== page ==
As a sales and marketing coach, you’d better believe that I’ve seen my fair share of content marketing mistakes over the years. When done right, content marketing is a powerful tool to attract high-value clients to your accounting or bookkeeping firm. Unfortunately, however, there are a lot of people out there getting it wrong. 

Attracting clients to your firm rather than chasing them down sounds like a dream right? Well, sure, but dreams require hard work. You can’t post a few Facebook updates every now and then and expect clients to come knocking at your door. Content marketing is a little more complicated than that, and there are several common mistakes that can really hold you back. 

What is Content Marketing?

First things first, let’s establish what content marketing is – and what it isn’t.

Simply put, content marketing is about telling rather than selling. It’s not putting an ad out saying “hey there, please choose us!” Content marketing isn’t about self-promotion, it’s about the audience. By creating online material to entertain and educate your audience, you generate brand awareness and interest in your business. Your content could take the form of:

  • Blog posts
  • LinkedIn updates
  • Live videos
  • YouTube videos 
  • Infographics 
  • Podcasts 

… Just to name a few.

By creating content, you’re able to cut through the noise and position yourself as the go-to firm for your client niche. Quality content leads your audience to trust and respect you. It creates an emotional connection that allows you to stand out from the crowd. It truly is a superpower… when you get it right. 

Let’s dive into the common content marketing mistakes I see firm owners making all the time and, more importantly, how to fix them. 

1. Not Creating Content Every Day

In order for your content marketing to work, your content has to be visible every single day. 

In order to be visible every day, you have to publish content every day. 

You can’t just upload a YouTube video once in a blue moon, or post a quick LinkedIn update whenever you feel like it. 

I get it. You’re an accountant or a bookkeeper, not a creative. You don’t want to sit there creating content all day. You don’t have time, or perhaps you just don’t enjoy it. Therefore, “create content” sinks further and further down your to-do list, and it just never gets done. 

The thing is, you need to be creating a consistent stream of content or you won’t be visible. And how can you stand out to your audience if they can’t even see you? 

So what can you do?

In this case, the best thing you can do is outsource. If you never get around to creating content yourself, get someone else to do it for you. Outsourcing your content is very cost-effective and allows you to stay visible without losing focus on your core business. For more on this, check out The Content Lounge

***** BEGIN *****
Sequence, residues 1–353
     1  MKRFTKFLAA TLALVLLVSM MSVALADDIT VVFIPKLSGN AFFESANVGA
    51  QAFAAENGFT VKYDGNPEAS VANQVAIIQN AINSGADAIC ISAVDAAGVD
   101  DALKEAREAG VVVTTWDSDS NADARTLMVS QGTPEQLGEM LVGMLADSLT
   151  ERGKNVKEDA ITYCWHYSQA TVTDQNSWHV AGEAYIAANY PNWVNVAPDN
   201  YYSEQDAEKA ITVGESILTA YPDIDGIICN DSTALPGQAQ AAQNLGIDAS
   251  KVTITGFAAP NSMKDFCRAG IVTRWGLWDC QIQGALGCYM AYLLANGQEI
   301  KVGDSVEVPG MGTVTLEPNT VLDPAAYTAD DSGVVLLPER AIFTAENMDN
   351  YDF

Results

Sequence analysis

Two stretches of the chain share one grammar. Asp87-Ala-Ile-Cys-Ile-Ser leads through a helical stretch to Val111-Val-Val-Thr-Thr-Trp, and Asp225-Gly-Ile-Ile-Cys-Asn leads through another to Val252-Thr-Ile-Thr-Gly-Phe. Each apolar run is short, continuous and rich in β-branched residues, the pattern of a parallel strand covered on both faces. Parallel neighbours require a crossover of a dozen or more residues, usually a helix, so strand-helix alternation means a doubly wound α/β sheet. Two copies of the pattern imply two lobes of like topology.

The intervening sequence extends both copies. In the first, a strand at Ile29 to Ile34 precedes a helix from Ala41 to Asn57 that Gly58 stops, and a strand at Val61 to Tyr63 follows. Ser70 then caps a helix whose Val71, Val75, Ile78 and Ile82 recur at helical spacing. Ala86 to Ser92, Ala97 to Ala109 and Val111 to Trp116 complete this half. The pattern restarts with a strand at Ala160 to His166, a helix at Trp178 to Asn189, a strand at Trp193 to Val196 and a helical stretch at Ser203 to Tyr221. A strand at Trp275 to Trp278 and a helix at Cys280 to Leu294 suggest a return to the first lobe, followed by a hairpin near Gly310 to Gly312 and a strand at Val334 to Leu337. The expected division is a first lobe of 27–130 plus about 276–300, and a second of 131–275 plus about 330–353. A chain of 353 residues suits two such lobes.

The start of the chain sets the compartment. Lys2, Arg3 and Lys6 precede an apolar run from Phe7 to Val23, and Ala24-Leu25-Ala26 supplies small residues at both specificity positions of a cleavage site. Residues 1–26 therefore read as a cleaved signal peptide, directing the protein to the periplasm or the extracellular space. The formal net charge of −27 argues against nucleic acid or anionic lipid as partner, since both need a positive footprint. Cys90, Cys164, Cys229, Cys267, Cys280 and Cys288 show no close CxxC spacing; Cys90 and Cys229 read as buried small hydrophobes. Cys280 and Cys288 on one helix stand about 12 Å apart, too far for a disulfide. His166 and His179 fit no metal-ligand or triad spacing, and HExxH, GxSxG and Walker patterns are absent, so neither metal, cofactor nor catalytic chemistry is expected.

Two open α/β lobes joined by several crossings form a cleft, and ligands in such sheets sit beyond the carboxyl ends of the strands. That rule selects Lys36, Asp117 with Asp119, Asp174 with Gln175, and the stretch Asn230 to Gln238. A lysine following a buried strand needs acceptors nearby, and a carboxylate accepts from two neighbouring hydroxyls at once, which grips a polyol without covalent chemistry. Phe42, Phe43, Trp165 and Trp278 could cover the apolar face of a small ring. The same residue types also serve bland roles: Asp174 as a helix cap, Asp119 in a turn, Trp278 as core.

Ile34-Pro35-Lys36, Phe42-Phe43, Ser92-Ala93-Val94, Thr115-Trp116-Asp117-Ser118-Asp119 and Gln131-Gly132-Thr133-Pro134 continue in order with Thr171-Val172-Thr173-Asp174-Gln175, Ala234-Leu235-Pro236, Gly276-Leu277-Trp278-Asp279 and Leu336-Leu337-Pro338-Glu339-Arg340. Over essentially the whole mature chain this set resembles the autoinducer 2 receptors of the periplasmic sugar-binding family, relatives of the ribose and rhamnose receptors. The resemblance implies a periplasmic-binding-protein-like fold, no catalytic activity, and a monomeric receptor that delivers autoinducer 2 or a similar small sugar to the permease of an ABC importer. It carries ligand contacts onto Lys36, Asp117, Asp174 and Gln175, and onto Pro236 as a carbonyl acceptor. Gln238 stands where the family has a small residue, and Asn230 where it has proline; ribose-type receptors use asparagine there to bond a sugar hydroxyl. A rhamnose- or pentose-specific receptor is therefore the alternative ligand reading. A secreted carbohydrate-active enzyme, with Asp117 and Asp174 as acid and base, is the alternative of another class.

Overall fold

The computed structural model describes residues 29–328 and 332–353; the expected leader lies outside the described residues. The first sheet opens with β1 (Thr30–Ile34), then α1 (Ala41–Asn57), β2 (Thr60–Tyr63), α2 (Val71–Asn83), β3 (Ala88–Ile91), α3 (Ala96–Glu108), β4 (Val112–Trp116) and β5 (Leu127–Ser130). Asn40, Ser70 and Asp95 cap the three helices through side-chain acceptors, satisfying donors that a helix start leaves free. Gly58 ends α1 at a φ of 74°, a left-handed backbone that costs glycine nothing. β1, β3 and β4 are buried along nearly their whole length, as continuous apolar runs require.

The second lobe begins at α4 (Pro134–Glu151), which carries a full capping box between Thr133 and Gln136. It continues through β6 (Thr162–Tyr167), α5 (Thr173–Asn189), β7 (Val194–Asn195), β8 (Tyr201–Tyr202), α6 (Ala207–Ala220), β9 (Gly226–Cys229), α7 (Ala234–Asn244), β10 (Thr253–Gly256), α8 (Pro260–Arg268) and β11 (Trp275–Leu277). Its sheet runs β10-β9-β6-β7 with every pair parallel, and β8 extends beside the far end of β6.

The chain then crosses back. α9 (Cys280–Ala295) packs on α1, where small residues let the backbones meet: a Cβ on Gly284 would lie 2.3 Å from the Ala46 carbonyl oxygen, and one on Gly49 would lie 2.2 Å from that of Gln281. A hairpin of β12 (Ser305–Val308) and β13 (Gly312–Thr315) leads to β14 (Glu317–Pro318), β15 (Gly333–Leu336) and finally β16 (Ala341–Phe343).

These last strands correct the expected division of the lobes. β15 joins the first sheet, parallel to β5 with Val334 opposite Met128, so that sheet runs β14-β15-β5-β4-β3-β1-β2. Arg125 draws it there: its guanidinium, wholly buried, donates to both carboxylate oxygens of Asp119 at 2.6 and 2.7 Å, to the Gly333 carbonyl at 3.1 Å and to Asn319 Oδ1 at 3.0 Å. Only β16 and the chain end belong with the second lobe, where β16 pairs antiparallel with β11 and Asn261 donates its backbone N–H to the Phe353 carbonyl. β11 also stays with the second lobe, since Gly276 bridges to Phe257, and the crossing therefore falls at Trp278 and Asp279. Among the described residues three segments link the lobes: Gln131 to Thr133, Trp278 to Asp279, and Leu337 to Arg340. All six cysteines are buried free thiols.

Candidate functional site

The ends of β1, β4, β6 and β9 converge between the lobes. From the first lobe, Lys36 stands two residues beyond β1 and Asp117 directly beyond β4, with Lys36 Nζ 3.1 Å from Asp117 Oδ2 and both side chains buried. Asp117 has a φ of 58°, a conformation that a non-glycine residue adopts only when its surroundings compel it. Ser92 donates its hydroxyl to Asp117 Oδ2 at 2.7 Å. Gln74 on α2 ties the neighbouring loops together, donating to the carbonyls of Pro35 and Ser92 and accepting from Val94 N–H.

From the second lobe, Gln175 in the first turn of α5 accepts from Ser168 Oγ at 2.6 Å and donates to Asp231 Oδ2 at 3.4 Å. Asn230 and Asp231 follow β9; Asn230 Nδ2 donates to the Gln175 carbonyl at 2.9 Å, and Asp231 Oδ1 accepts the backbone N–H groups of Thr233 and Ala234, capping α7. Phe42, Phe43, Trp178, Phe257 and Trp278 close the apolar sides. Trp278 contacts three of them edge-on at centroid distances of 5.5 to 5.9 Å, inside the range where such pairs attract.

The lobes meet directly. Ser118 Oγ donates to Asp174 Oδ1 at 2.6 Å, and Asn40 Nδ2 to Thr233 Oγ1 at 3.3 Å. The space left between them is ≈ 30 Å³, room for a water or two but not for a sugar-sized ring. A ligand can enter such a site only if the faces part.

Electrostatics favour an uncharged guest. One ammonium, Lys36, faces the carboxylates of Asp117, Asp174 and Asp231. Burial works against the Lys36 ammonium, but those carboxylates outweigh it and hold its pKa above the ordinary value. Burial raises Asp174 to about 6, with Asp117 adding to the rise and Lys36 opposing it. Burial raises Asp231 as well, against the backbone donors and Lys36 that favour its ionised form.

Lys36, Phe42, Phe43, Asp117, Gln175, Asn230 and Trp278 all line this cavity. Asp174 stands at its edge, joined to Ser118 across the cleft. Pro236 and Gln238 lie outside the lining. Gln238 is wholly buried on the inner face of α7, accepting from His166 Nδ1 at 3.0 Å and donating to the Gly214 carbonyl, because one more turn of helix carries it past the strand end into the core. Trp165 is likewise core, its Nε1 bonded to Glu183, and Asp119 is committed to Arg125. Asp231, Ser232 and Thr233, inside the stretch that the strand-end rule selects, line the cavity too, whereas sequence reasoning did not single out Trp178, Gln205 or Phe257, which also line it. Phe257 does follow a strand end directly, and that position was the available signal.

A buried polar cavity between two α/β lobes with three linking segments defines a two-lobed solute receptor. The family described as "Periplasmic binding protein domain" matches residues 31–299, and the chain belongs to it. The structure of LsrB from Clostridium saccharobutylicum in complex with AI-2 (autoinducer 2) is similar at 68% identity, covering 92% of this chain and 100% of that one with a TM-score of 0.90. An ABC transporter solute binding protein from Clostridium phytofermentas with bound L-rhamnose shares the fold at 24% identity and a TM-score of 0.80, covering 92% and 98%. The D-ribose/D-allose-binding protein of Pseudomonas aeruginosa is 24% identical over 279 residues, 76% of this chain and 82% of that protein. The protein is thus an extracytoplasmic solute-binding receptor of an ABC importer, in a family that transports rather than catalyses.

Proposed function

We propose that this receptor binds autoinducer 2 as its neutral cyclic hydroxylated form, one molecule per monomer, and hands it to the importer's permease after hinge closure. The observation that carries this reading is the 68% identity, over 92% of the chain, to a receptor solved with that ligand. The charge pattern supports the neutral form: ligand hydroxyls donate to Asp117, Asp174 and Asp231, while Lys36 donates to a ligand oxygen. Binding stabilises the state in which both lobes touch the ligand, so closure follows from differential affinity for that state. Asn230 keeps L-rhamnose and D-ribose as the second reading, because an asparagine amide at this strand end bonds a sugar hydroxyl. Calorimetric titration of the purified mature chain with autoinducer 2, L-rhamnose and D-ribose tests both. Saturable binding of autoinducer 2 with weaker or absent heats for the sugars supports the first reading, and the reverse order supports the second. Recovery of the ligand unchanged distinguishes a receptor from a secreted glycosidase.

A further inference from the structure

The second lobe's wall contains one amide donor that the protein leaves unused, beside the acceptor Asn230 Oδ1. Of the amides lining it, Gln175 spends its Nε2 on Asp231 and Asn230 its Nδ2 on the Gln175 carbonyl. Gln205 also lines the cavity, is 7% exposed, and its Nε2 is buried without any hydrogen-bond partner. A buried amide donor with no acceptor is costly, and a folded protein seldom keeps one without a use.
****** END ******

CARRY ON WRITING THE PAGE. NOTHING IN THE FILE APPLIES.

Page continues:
2. Not Enough Reach 

Reach is an essential part of your content marketing strategy. It refers to the number of people who actually see your content.

Being visible is one thing but actually being seen is a different matter. Content that goes unseen is totally useless, so you need to reach as many people as possible. 

One way to increase your reach is to create more content. The more content you publish, the more likely it is to be seen. However, it’s not enough for your content to just exist. You need to promote it.

In order to increase your reach, you need to consistently publish and promote content every day across multiple different platforms. The more, the better. Your LinkedIn updates, for example, can also be posted on Facebook and Instagram. If you do regular livestreams, use simulcasting to make use of multiple platforms at once. 

Being present – and, more importantly, active – on multiple channels each day is vital to ensure that your content reaches as many prospective clients as possible.

3. A Lack of Action 

What I’m about to say may shock you…

Content marketing does not get you clients.

Conversations do.

Your blogs, videos and social updates aren’t what ultimately make a client choose you. The purpose of engaging content is to start those all-important conversations.

No matter how amazing your content marketing is, it won’t get you predictable lead generation because you’re relying on people reaching out to you. You have no control over who sees your content or the action that they take.